top of page

Natalie Goldberg Deck: Card #8

"Tell me about a favorite café, diner, luncheonette (do they use that word anymore?), coffee shop."

I’m working through the Natalie Goldberg deck of writing subjects. Each card in this world-renowned author and zen teacher’s Deck contains a writing topic on one side and a short lesson on the reverse, delivered in Natalie’s honest, heartfelt urgency. “This is my wish for you:” she says. “[T]hat you take these cards, grab the topic on one side and write, write, write . . . Remember no good or bad. Just words on the page.” That’s what I’m doing with this series. Just working my way through, and sharing the results with you.


Whidbey Island, 1999. It was Y2K days, and I was married to a Halim, who was a programmer for Microsoft for years. He knew a thing or two about what the ramifications might be if things went south.

Whidbey Island was a long skinny island that ran roughly north/south, and was clearly divided into three demographics (please forgive the momentary slide into un-woke generalizations): in the north, you had the Whidbey Island Naval Air Station—the military. In the middle portion of the island, you had your fundamentalist Christians. And in the southern part (Langley and Clinton, WA), you had your crystal-gazing, vegan, save-the-whales liberals. I remember a freelance website designer saying he was really tired of working for people who, when they couldn’t afford to pay him, would offer to balance his chakras as an alternative.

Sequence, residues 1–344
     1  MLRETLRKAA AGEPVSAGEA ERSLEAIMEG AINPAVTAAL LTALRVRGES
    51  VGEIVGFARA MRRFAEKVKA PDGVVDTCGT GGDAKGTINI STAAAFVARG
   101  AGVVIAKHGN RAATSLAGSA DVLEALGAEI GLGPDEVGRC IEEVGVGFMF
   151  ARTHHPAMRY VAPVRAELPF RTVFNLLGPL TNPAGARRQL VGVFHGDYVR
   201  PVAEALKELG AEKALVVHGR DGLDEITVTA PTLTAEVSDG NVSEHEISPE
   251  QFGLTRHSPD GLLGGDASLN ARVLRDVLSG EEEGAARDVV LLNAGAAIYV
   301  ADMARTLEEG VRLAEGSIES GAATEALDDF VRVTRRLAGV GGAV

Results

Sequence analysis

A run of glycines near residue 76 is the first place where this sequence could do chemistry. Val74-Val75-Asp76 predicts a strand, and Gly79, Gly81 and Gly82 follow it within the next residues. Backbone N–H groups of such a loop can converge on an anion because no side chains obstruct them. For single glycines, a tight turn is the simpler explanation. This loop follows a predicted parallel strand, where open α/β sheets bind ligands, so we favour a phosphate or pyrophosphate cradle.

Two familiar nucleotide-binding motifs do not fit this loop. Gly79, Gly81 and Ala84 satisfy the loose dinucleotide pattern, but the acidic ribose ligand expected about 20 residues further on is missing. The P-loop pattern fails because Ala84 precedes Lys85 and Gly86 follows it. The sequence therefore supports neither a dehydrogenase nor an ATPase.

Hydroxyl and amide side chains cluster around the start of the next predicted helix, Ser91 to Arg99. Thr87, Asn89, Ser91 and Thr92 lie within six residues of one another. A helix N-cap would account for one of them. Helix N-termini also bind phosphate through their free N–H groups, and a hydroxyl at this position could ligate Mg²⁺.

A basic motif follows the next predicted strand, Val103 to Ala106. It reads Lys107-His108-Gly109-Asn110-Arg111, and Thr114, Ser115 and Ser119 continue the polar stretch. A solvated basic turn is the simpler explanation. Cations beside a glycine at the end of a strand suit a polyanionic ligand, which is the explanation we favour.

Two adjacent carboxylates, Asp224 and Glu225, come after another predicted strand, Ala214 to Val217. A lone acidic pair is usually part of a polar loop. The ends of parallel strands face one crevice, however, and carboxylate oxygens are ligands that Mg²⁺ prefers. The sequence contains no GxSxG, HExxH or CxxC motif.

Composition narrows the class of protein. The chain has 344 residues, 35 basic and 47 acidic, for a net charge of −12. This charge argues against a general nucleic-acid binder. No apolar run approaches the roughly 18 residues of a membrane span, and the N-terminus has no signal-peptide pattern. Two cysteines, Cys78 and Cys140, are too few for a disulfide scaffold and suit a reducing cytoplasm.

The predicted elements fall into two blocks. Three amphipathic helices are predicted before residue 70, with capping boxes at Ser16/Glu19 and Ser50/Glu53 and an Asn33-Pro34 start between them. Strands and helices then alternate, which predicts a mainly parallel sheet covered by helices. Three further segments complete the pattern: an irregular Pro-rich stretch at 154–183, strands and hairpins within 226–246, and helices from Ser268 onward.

Halim and I moved to the southern part of Whidbey Island at the end of 1998, because we had very dear friends there, and that’s where we wanted to be if things went dark. As we were weighing whether to move or not, the definitive Yes came when, during a weekend visit to Langley, we went to a movie at the Clyde on Main Street. We were in our seats, and the previews had finished. Just before the feature started, the lights went up and the owner of the theatre came out.

“Welcome to the Clyde,” he said, then yada yada…about no smoking and keep your feet off the seats in front of you, etc. And then he said, “I think we have a birthday girl here. Sarah? Are you here?” A blushing 15-year-old raised her hand, and her gang cheered around her. The owner started us off, “Happy birthday to you, happy birthday to you…” The whole packed theatre sang happy birthday to Sarah.

Halim and I looked at each other and said, “That’s it. We’re moving here. Now.”

On Main Street (all three blocks of it), there was a coffee shop called Sapori, the Italian word for flavors. It was run by two women, a little past middle age but not yet fully ripened into Old-hood. I wish I could remember their names, but I am fully ripened, so…that information is gone.

Sapori was nothing short of magical. I think part of it was that we got to know the place long before tourist season. During the summer, even though it’s only a 15-minute ferry ride from the mainland to the island, it can be a two- to three-hour wait to get on the ferry (in either direction). But when we moved there, it was almost winter, so it was just us. The true inhabitants of south Whidbey.